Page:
We work with urban innovators to scale up initiatives that tackle poverty and social and economic exclusion. We also support neighbourhood revitalization projects that seek to improve social well-being, with a particular focus on urban Indigenous communities and areas with high percentages of newcomers to Canada. One major partner in this area is Vibrant Communities Canada (led by the Tamarack Institute), a network of individuals united to reduce poverty by building economically and socially inclusive societies.
Civic commons are our streets, parks, squares, and so much more. They are shared spaces that belong to all people. We believe in the potential of the city as a commons to support urban vitality and provide all residents with a sense of belonging. To strengthen these civic assets, we support placemaking and adaptive reuse. This involves reimagining and repurposing buildings and spaces whose original purposes have become redundant or obsolete, or could be updated to meet new community needs. We also believe in the value of open data to strengthen public participation and democracy.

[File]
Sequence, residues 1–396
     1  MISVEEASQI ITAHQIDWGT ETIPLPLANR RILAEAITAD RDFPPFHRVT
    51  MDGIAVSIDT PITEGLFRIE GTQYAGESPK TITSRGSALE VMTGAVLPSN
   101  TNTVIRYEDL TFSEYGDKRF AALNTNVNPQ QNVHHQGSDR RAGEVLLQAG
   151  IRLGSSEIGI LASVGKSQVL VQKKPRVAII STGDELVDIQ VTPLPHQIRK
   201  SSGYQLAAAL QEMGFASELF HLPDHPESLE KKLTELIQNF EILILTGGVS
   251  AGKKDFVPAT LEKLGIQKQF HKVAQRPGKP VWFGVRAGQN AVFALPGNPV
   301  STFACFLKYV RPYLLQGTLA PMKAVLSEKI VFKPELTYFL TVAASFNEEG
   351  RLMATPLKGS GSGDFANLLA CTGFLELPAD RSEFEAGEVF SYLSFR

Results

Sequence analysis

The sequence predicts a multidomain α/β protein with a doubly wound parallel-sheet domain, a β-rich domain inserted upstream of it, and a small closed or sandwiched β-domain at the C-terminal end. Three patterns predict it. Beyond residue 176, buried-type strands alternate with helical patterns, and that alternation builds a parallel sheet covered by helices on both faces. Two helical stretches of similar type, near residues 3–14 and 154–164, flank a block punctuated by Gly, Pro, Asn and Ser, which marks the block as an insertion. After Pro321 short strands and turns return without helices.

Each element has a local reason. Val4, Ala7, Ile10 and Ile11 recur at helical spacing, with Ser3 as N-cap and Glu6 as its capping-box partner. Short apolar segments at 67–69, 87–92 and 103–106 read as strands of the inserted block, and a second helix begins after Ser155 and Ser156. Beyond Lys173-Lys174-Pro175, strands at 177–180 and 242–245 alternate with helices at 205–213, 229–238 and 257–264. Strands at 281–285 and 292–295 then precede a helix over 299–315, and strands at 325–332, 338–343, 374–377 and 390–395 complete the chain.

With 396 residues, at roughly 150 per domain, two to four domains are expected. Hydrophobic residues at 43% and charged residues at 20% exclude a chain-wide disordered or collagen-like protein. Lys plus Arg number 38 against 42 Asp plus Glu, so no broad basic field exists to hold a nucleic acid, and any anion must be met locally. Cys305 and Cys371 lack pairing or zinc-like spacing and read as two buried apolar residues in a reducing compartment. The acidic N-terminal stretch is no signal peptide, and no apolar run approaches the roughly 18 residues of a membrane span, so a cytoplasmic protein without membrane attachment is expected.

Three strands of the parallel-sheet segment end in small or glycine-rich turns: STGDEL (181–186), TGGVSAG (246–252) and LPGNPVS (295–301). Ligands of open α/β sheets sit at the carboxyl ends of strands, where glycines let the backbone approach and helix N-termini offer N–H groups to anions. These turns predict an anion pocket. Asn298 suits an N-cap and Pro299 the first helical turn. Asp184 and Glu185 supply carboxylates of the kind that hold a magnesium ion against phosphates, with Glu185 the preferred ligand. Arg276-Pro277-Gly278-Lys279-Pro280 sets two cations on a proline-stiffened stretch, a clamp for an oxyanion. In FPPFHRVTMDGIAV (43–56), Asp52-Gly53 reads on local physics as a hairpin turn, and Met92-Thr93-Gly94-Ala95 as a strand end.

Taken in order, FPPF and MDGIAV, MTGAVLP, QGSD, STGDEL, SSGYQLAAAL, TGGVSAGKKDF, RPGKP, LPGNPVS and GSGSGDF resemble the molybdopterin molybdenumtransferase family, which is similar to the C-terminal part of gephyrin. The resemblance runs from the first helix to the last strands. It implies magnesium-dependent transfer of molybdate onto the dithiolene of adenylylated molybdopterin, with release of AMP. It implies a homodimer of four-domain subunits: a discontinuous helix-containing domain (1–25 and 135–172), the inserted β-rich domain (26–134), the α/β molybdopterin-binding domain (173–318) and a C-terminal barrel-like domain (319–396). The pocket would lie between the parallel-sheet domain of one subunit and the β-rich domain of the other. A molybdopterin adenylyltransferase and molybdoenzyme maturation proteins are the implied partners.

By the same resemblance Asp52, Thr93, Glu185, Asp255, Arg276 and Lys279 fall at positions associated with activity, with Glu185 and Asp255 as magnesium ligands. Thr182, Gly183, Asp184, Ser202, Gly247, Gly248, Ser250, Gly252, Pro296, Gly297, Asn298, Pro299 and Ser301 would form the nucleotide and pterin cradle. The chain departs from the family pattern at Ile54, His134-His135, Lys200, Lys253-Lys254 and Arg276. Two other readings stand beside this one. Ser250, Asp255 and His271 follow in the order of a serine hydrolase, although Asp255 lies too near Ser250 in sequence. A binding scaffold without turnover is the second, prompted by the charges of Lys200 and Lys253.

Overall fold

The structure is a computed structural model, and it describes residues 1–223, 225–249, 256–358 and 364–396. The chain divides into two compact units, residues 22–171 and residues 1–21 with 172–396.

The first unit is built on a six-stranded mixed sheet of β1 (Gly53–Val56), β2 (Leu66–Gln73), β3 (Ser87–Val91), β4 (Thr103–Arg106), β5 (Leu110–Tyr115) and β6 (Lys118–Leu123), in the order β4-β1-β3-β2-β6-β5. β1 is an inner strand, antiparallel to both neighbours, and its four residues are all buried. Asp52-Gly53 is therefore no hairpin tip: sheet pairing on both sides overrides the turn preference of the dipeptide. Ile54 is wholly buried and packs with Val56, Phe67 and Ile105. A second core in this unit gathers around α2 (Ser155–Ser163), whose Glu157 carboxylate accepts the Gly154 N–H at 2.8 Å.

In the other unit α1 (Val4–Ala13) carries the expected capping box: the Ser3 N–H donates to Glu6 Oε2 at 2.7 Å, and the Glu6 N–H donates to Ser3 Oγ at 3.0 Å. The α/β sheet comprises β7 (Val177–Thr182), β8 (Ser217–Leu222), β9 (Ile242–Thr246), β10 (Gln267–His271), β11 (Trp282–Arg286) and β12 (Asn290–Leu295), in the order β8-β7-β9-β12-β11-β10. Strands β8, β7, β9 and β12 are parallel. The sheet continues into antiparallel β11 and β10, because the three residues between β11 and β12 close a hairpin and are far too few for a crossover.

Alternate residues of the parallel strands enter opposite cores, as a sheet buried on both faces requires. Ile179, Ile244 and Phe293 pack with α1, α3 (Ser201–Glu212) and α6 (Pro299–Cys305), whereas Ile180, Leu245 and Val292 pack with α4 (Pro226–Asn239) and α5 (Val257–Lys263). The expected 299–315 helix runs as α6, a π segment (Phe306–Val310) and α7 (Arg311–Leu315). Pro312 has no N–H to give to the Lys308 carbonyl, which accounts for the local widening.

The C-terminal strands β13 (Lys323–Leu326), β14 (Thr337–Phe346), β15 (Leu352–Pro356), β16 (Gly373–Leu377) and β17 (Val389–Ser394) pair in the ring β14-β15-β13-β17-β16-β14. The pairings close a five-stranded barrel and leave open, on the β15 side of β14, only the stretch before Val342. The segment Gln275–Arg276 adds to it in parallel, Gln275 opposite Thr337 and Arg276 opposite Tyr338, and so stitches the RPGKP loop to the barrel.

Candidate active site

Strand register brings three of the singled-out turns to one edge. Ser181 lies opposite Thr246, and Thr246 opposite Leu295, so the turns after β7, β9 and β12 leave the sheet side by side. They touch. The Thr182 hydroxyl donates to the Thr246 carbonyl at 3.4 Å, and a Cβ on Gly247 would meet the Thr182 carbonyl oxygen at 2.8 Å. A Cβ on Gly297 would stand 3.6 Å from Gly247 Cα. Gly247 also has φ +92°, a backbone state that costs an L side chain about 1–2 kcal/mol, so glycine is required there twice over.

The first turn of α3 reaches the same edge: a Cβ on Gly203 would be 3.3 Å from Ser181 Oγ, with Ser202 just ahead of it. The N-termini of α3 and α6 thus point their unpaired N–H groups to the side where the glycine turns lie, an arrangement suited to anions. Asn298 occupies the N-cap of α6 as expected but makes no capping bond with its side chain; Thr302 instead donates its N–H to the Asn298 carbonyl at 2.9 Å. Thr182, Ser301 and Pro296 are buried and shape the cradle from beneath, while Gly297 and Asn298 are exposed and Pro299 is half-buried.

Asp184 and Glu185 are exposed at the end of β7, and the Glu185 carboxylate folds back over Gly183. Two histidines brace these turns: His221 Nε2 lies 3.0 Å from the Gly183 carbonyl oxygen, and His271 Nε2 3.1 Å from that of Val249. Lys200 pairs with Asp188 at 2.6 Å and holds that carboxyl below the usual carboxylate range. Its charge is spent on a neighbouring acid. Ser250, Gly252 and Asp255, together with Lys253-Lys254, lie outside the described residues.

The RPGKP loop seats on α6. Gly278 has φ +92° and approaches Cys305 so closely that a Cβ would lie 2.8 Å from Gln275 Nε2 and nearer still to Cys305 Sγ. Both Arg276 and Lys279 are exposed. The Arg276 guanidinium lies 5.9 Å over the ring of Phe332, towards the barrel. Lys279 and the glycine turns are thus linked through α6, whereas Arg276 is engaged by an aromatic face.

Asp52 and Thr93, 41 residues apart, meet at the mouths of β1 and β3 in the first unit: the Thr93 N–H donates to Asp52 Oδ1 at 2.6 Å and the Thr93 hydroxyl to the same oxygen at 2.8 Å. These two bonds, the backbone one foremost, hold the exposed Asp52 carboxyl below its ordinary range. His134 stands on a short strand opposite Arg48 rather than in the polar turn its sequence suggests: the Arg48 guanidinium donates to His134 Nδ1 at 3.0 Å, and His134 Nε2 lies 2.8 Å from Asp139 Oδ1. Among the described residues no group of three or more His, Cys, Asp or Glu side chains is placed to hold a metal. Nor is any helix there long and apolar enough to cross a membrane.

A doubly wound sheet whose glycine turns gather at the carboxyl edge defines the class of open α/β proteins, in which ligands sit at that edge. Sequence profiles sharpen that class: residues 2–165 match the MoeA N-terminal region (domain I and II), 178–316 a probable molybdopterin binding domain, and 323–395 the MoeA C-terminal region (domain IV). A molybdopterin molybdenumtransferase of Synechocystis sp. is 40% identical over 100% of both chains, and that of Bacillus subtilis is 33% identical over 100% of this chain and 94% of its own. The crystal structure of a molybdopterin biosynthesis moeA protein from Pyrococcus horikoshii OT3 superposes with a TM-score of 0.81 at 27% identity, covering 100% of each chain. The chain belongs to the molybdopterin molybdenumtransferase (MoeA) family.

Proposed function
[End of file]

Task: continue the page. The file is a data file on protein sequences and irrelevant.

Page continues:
We encourage the flourishing of “urban labs,” spaces and ways of working that enable citizens, governments, institutions, investors and non-profits to invent new ways to solve tough issues, like affordable housing, and to explore possibilities for collective change, such as re-designing public spaces to foster democratic practices and quality of life in cities.
Networks: Building and supporting new collaborative infrastructure
Urban innovation networks provide a dynamic platform for knowledge sharing and build a sense of belonging.
We support networks of urban innovators through gatherings, civic innovation awards and strategic partnerships. We have worked with our partners to organize study tours that emphasize the value of city-to-city learning exchanges. These activities have taught us what works and what doesn’t in cities abroad so we can bring these lessons back to Canada.